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  • 1. FIRST AID
  • 2. First Aid is the immediate and temporary care given to an injured or sick person until the services of a qualified doctor are obtained with such material as may be available. The first aid is not an end by itself. It indicates that the person is in need of a secondary aid. First aid is based on the knowledge of a life saving skill. FIRST AID
  • 3.
    • Every one should know something about first aid as you never know when you may be called upon to use it.
    • At the most unexpected of times, accidents could occur, involving loves ones, close relatives or total strangers.
    • Knowledge of first aid enables you to deal with emergencies which can be life-threatening.
    • Whoever is in need of help, you should be in a position to offer first aid.
    CAN SAVES LIVES!
  • 4.
    • To sustain life
    • To prevent suffering
    • To prevent secondary complications
    • To promote speedy recovery
    • To prepare for further medical treatment
    Purpose of First Aid
  • 5. Basic principles of first aid
    • Obtain a correct detailed history of victim.
    • Observe and examine thoroughly and note every symptom of injured persons.
    • Treat the casualty until the details arrives victim is shifted to the near by hospital.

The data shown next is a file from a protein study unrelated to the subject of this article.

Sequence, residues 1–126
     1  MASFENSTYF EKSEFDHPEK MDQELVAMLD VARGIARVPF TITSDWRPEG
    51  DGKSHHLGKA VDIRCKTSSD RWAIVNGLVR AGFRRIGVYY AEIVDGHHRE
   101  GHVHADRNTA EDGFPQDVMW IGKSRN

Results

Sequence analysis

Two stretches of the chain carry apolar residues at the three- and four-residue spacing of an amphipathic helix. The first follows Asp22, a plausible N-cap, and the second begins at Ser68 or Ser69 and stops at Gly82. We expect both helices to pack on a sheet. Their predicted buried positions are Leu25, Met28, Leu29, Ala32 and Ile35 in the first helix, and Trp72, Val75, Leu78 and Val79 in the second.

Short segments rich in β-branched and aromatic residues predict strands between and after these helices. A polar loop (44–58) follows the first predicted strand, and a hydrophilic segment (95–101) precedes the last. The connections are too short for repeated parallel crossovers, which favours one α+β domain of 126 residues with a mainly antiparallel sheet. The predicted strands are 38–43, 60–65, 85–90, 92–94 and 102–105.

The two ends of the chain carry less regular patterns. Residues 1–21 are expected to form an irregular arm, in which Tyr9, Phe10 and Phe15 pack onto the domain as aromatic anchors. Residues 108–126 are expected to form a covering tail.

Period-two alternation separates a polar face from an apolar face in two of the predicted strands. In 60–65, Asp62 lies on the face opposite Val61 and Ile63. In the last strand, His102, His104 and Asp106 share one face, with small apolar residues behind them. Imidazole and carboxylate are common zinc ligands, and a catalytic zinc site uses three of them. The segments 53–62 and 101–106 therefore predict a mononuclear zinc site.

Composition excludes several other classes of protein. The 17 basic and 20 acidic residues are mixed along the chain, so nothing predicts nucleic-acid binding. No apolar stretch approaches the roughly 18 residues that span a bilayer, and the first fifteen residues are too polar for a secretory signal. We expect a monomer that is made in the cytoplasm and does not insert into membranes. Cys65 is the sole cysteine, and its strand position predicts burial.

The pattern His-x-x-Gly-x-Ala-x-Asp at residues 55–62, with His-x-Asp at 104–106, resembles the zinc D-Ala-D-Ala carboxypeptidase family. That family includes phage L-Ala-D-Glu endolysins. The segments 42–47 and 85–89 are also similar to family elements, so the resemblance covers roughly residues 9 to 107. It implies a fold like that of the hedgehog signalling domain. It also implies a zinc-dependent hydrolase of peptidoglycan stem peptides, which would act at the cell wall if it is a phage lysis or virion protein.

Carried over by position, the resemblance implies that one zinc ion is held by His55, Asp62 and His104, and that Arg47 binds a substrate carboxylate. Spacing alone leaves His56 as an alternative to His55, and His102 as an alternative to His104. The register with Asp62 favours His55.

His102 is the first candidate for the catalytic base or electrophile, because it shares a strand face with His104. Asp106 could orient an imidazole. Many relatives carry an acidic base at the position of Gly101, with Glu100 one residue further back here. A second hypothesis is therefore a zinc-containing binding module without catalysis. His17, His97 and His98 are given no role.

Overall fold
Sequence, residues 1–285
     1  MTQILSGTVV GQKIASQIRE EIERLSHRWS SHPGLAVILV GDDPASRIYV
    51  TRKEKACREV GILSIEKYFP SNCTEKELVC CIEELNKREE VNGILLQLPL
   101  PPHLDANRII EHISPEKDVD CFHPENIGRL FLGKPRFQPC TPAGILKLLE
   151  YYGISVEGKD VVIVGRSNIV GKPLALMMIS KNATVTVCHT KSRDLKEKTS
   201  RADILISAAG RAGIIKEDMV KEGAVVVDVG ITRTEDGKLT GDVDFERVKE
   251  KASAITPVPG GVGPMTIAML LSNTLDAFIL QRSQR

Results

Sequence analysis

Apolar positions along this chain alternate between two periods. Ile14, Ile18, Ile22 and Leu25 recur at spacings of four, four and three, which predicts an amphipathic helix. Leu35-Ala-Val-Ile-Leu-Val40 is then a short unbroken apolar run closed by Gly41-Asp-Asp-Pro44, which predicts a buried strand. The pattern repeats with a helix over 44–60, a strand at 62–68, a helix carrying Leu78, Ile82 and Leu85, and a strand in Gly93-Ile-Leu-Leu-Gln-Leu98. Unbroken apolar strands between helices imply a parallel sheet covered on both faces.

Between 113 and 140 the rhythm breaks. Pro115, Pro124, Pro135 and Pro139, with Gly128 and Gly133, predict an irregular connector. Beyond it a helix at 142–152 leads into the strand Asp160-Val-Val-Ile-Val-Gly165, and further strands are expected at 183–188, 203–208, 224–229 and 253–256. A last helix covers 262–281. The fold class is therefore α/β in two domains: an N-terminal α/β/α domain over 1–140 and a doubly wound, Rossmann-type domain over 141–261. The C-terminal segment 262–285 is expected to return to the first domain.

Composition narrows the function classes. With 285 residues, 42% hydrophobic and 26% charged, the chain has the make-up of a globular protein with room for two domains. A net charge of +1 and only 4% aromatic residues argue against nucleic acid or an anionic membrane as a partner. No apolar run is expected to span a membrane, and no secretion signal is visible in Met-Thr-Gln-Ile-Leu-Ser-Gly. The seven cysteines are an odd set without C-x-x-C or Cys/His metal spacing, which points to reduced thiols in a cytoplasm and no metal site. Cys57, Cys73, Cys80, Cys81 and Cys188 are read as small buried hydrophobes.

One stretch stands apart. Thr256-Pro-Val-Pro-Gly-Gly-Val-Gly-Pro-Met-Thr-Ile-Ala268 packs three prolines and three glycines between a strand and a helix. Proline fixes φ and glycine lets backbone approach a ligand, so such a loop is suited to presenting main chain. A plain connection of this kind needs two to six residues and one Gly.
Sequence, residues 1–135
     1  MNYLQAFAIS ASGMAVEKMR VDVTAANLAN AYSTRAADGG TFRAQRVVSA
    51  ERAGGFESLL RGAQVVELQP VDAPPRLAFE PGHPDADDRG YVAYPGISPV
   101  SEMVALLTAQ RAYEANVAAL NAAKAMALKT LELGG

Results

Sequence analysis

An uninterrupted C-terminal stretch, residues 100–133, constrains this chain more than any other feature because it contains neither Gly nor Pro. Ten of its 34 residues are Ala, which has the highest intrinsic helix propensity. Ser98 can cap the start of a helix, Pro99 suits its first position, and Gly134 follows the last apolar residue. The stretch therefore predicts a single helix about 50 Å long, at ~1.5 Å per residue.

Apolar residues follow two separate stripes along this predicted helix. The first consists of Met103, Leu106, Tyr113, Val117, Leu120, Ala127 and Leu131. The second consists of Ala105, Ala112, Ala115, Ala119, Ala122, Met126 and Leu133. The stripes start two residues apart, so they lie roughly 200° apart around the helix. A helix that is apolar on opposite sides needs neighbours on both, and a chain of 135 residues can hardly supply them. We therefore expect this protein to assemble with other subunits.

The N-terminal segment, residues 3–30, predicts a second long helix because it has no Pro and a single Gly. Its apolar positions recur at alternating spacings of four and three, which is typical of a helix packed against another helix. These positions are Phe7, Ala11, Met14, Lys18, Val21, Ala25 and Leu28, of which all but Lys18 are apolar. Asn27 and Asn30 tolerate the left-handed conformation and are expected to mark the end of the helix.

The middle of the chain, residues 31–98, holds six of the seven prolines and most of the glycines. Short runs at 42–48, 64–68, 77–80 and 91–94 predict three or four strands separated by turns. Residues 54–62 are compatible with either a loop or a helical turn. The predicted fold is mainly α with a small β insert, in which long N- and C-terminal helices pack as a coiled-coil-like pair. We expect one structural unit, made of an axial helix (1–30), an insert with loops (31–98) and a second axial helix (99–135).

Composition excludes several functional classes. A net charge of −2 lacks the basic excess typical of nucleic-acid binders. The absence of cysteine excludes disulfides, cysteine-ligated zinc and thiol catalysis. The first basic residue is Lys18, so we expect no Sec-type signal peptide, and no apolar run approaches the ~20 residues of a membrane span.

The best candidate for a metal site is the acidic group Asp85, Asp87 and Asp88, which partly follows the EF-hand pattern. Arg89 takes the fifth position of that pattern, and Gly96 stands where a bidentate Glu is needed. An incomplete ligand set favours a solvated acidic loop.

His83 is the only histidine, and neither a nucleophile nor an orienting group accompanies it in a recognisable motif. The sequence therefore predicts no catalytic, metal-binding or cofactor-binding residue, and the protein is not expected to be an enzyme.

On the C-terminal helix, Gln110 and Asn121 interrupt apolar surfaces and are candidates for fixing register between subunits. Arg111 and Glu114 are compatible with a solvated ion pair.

• If the accident is at home- call neighbor, if the accident is at the public place –call police
    • Keep phone numbers of doctor, police control room.
  • 6. EMERGENCY FIRST AID
    • If you are the first on the scene of accident that results in an injury or serious illness, you may be the only link between a victim and emergency medical care.
    • Your role is to take action , whether by providing first aid, seeking medical or police help.
    • Your actions may improve the victims chance of recovery.
  • 7. First Aid Response
    • To assess a situation quickly & safely, & call for appropriate help.
    • To identify the level of injury or the nature of the illness affecting the casualty/victim.
    • To give early and appropriate treatment in a sensible order of priority.
    • To arrange for the safe removal of the casualty.
    • To remain with the casualty and reassess time to time until handing it over to the care of a medical person.
    • To make & pass on a report and give further help if required.
  • 8. First Aid in case of Disaster
    • How to prioritize intensity and urgency of injuries?
    • How to recognize life-threatening signs and take appropriate actions? How to anticipate and treat early-stage shock? How to control bleeding? How to apply splint and immobilize fractures, sprains, and joint injuries? How to connect with your area’s disaster-response network?
    Generic Action Plan: Master Plan for the first 24 hours. Techniques for lifting and moving the injured, with rescuer safety. What to do in the next few days - Infection Control, and protecting yourself from environmental hazards such as exposure to heat & cold.
  • 9. Assessment Procedures
    • All victims must undergo an assessment, even those that are awake.
      • Verbal assessments , for those able to speak, consists of asking the person about any injuries, pain, bleeding, or other symptoms he/she is aware of and can express.